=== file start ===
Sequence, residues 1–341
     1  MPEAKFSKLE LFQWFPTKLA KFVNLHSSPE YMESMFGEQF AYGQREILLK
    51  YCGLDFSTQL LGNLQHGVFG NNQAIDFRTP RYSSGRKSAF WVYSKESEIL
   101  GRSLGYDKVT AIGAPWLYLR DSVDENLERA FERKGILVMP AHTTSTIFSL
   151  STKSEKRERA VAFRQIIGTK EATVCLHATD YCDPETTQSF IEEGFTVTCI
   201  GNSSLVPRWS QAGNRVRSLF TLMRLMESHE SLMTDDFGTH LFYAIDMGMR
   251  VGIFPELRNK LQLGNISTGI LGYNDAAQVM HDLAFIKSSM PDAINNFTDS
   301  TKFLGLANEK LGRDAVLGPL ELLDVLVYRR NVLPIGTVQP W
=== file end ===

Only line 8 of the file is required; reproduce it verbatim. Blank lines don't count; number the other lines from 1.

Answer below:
   301  TKFLGLANEK LGRDAVLGPL ELLDVLVYRR NVLPIGTVQP W